Current Environment:

With “American Ninja Warrior” becoming popular on televisions in the United States, Ninja Warrior training and competitions have increased throughout the country and have become more physically demanding and challenging.

Ninja Warrior training involves a significant amount of upper body strength combined with lower body balance. To excel as a Ninja Warrior, athletes need to repeatedly perform strengthening exercises and repetitive training motions. This repetition can put stress on many different parts of the body and lead to injury. There is little to no research on Ninja Warrior injuries but from observation, most injuries seem to affect the upper body, particularly the shoulders.

How do Ninja Warrior injuries happen?

Many Ninja Warrior injuries are overuse injuries: injuries to a bone, muscle, tendon, or ligament caused by continuous and repetitive stress on the same parts of the body. Stress fractures, tendinitis, and growth plate injuries are common overuse injuries. Without rest and seeing a medical provider for your diagnosis, minor overuse injuries can turn into serious injuries with long periods of recovery and significant time out of Ninja Warrior.

Missed laches and falls off obstacles can cause acute injuries such as sprains, fractures, and concussions. Although rare, some accidents and falls result in serious head, neck, and spinal cord injuries.

What are the most common injuries?

Upper body injuries

Lower body injuries

Head, neck, and back injuries


Parents and coaches can reduce their ninja’s risk of injury by encouraging safe training practices, which include:

  • Warming up before every practice and competition. Warmups may include easy aerobic exercise such as a light jog, stretching, different hangs and holds, and light conditioning.
  • Not attempting complicated Ninja skills until the athlete is strong, fit, and skilled enough to practice them safely. The harder the move, the more strength and training needed. Listen to your coach on safety and development of skills before attempting a new skill or obstacle.
  • Taking time off every week to give their body a chance to rest and recover. While regular practice is important, constant, repetitive training increases the risk of injury.
  • Speaking up if something hurts. Being a hero and muscling through pain puts athletes at risk of serious injury. Any pain that lasts for days or gets worse over time needs to be checked out by a health care provider, preferably one with experience in sports injuries.
  • Getting enough sleep. The American Academy of Pediatrics recommends between nine and 12 hours of sleep for kids between 6 and 12, and eight to 10 hours of sleep for kids between 13 and 18. Athletes who aren’t rested are more accident prone and more likely to get injured.
  • Drinking plenty of water and eating well balanced meals. Staying hydrated and eating hearty, well-balanced meals is important for Ninja Warriors. Without proper water intake and food intake ninjas will be under fueled and increase their risk of injury.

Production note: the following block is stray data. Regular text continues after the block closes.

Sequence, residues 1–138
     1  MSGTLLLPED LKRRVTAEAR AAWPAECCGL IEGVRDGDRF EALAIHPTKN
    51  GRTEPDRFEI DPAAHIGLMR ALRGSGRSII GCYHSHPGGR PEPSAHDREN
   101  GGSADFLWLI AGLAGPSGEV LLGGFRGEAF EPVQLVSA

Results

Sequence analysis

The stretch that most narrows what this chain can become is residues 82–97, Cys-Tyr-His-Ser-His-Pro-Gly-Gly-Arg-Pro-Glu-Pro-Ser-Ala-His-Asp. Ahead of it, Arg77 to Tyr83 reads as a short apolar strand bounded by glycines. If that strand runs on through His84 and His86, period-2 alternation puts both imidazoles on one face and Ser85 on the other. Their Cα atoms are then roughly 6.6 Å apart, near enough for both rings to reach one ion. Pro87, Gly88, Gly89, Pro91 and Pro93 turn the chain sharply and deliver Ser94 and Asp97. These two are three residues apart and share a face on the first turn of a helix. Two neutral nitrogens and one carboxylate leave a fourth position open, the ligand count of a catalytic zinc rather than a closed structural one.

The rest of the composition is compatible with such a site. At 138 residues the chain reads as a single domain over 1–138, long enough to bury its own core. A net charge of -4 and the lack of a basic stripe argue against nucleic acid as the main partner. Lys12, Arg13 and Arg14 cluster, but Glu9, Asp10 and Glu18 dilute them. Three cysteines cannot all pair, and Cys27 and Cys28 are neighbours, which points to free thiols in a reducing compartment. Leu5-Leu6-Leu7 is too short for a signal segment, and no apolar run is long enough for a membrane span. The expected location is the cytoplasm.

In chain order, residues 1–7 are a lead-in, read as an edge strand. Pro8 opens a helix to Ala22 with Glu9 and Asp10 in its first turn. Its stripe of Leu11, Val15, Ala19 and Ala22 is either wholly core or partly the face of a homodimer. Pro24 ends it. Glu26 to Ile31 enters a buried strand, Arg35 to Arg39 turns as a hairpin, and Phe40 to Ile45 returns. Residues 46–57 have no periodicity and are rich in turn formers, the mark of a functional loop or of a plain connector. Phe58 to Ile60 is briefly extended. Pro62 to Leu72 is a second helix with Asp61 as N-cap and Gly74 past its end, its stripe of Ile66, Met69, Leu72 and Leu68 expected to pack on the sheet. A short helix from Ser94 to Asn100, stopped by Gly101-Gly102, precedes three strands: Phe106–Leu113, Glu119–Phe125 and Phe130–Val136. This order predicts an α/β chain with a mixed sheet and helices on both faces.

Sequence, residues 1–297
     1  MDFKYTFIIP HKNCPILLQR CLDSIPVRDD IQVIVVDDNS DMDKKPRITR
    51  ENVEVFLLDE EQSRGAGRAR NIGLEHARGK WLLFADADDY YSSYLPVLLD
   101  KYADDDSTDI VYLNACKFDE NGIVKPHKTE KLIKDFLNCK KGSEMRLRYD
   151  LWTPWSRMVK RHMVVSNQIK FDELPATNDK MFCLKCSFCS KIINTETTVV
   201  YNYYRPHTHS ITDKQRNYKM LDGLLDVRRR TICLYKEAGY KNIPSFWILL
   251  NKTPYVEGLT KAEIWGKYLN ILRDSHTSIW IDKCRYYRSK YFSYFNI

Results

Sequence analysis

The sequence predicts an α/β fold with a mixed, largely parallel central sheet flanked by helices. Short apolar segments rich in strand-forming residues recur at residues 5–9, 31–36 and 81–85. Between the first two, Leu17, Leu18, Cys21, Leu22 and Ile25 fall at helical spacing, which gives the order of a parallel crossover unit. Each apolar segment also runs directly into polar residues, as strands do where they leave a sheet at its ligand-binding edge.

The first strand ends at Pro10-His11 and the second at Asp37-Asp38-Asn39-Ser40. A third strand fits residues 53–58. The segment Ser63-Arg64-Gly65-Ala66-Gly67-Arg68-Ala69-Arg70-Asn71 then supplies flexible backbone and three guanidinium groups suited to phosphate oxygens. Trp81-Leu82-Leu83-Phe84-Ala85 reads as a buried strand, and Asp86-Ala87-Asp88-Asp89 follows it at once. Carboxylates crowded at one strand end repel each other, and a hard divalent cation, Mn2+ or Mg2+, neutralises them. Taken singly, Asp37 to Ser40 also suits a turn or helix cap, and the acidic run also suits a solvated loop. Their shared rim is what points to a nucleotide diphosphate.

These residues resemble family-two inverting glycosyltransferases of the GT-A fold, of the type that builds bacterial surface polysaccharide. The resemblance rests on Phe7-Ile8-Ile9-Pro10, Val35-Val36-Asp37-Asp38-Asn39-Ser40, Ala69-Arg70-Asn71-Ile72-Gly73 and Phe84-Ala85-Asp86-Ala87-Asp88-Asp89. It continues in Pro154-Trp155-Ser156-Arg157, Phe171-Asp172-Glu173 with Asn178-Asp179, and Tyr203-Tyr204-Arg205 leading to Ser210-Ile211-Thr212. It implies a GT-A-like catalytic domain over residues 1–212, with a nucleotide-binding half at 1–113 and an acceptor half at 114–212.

• Having fun. Ninja Warrior is meant to be fun. Make sure your ninja is enjoying their time at practices and competitions.

Safety equipment and tips

The following precautions will further reduce ninjas’ risk of injury:

For coaches:

  • You should inspect all equipment to make sure it is sturdy, secure, and in good condition. Obstacles should be placed far apart so athletes do not collide with each other or the obstacle.
  • Make sure a well-stocked first aid kit is available at all competitions and practices.
  • Identify the medical staff at competitions in case of an emergency.

For athletes:

  • You need to listen to your coaches and use extra spotting blocks and mats, especially when learning a new skill.
  • Make sure you have proper fitting and functional Ninja Warrior sneakers. Check with your coach on proper fit and function.

How we care for Ninja Warrior injuries at Boston Children’s Hospital

As the largest and most experienced pediatric and young adult sports medicine practice in the country, the Sports Medicine Division at Boston Children's combines personalized care with innovative treatment for each athlete we treat. We also have the country’s first and only Ninja Warrior Medicine Clinic (a sport specific clinic for the diagnosis, treatment, and prevention of Ninja Warrior injuries).

Our Sports Medicine team consists of sports medicine physicians, orthopedic surgeons, physician assistants, nurse practitioners, physical therapists, podiatrists, athletic trainers, sports psychologists, dietitians, and many others who collaborate in every aspect of our patients’ care and their recovery.

The Micheli Center for Sports Injury Prevention, part of the Sports Medicine Division, is dedicated to the prevention of sports injuries. Through research and clinical training, we offer practical strategies that help young athletes reduce their risk of injury while enhancing their sports performance. Our rehabilitation and strength training programs help injured athletes return to play stronger and healthier.

Whether injury prevention or recovery is your goal, we have the skills and dedication to help your child remain active in the sports they love.